Like all dyed-in-the-wool democratic Indians, I was shocked and horrified at the arrest of a Jadavpur University professor and the secretary of the housing society where he lives. What was revealing, however, was that it wasn’t the long arm of the law (if the police can ever be so described!) that hit them first. It was the mob. The mob beat up the two men and then got the uniformed goons-for-hire to continue their dirty work.
The sequence tells me that no matter how dictatorial didi might be, she didn’t send her minions flying to do her ugly will with Henry II’s murmured “Will no one free me of this turbulent priest?” In fact, unfashionable as it has suddenly become to defend her, I must say I think it’s most unlikely she had even heard of the obscure victims, Ambikesh Mahapatra and Subrata Sengupta, before the mob took them on. But politics being politics, she wouldn’t dream of disowning even disreputable contractors and local toughs if they flaunt Trinamool’s colours.
It’s clear these people were sending a message to the 65 members of the New Garia Housing Society who will elect nine directors on May 20. Sengupta is the cooperative’s secretary; given didi’s virulent anti-communism, a self-avowed Leftist like Mahapatra is an easy target. His internet jokes, sent from the not-computer-savvy Sengupta’s office computer, came in handy for the purpose.
But the heart of the matter is land, the second of didi’s evocative triple commitment — Ma, Mati, Manush, Mother, Land, People. A leaflet distributed by an organisation with suspected Trinamool links says of the estate, “This sprawling, leafy housing is decorated with treasures besides houses that can be a cause for the envy of other complexes. It has an art gallery, library, temple, pond, health centre, cultural centre, administrative building and market complex, treasures that few complexes in Bengal can boast of.” It also has several vacant plots.
It was for mati that blood flowed in Nandigram and Ratan Tata was driven from Singur. The Communst Party of India (Marxist), or CPI(M), gave as much mati as they wanted to favoured financial backers to convert into lucrative housing projects. It also allowed a park in the best part of Kolkata to become a dump and then tried to hand it over to a promoter for a car park.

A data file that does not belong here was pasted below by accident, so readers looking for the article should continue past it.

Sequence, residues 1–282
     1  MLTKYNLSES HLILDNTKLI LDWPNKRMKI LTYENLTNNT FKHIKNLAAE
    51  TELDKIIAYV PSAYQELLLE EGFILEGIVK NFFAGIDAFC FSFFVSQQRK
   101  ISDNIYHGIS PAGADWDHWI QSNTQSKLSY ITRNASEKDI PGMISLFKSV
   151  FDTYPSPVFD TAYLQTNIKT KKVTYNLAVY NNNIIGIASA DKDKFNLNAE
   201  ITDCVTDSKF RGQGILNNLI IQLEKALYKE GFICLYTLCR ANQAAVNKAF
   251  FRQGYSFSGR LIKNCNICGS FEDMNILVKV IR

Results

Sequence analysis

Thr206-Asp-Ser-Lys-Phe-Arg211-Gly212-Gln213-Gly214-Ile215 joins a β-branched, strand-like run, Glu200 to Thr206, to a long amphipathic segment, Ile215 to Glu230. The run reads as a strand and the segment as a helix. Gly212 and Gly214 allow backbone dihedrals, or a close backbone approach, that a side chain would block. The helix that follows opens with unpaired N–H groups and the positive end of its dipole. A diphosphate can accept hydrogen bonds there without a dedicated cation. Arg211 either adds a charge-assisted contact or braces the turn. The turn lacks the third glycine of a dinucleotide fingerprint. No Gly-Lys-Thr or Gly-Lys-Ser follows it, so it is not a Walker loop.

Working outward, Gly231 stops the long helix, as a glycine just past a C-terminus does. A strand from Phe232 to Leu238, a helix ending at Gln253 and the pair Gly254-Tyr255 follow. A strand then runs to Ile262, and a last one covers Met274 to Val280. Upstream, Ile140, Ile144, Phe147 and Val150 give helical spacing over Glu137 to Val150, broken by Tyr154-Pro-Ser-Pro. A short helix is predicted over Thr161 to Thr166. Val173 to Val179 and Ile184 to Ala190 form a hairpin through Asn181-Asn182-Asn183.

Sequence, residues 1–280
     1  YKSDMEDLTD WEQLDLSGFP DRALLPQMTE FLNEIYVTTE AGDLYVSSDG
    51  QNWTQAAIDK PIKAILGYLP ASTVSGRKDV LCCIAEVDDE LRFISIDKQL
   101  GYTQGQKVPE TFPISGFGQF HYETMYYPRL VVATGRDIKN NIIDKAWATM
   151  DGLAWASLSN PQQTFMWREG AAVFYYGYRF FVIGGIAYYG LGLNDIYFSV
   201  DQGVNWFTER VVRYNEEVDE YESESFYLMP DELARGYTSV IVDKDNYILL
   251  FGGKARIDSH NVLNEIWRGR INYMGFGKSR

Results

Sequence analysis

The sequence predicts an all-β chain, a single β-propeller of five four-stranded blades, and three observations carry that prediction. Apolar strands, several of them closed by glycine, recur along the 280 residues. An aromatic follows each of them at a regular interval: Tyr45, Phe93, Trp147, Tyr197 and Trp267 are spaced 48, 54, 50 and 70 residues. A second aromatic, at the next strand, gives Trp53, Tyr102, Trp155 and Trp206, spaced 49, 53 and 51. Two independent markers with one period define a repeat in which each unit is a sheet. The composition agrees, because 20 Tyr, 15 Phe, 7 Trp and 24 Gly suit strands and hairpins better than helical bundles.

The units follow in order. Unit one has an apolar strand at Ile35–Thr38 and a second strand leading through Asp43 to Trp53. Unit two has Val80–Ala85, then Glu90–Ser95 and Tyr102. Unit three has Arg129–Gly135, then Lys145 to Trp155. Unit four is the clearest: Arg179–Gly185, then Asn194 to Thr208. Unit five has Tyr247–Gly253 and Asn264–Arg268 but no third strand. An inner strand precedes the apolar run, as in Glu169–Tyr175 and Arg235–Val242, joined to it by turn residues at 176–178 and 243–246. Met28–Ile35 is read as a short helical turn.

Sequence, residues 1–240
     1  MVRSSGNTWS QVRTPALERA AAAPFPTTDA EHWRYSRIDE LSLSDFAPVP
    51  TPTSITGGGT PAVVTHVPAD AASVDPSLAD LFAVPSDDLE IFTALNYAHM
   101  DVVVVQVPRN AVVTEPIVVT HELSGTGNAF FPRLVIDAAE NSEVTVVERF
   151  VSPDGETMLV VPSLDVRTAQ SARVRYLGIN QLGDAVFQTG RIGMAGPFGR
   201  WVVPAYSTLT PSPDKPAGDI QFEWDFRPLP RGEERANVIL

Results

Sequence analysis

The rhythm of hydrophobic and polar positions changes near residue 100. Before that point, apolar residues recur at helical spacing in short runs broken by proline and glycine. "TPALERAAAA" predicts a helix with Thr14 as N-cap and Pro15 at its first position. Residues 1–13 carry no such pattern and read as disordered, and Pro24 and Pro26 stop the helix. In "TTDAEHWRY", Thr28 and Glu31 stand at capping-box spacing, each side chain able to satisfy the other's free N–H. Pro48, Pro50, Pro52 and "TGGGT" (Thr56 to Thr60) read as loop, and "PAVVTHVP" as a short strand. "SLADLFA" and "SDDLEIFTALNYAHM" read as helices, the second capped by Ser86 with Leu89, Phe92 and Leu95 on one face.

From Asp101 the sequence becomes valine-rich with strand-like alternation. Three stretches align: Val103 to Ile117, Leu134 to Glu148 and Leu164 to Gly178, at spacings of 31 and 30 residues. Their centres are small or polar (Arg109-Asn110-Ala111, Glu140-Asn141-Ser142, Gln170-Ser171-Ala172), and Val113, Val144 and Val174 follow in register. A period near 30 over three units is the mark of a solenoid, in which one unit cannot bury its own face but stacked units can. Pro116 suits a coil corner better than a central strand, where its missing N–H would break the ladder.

Such stratagems are not confined to West Bengal. The poor frequently provide an excuse for the rich to get richer. It’s not unknown for state land, or land acquired for a worthy public purpose, to be handed to real estate developers whose commercial and residential buildings are sold in the open market, naturally with official connivance. Karnataka folk complain of a lake being filled in and government buildings torn down after officials with underworld links illegally transferred the land to a developer.
It’s no secret either that black money is sunk heavily in grossly undervalued real estate. I can think of Delhi shopping malls with occupancy of around 10 per cent. The investors aren’t worried because they are waiting for property prices to spiral even higher. A solution lies in ccomputerising land records as in Bangalore, but land mafias and their bureaucratic and political patrons strongly resist this in other cities.
Scams are not confined to Mumbai’s Adarsh Housing Society. Many West Bengal housing cooperatives, even small ones, are dens of intrigue, corruption and mismanagement. Many are run by a pernicious combine of promoters, policemen and politicians. Government administrators provide only temporary relief. Sooner or later, the old committee members who sanction inflated repair bills for a cut are back in power.
Promoters rightly have a bad name, but they are also at the mercy of criminal gangs who impose a levy on every construction. A promoter tells me the CPI(M) was preferable because it operated through recognised gangs subject to party discipline. “Now, a different group turns up every day demanding money and claiming to represent Trinamool!” It’s the chief minister’s weakness she can’t control freelancers operating in her name. Nor will she repudiate them.
The New Garia Housing Society sprawls over 45 acres, which is huge for Kolkata. It’s valued at Rs 100 crore. Three cottahs there (a cottah, Bengal’s commonest unit of land measurement, is 720 sq ft) cost Rs 16,000 in 1976. The present price is Rs 30 lakh.
A fortune is up for grabs. The sharks are circling it. In saving the society, Banerjee will also save her own reputation and perhaps revive hope in her promise of paribarton, change.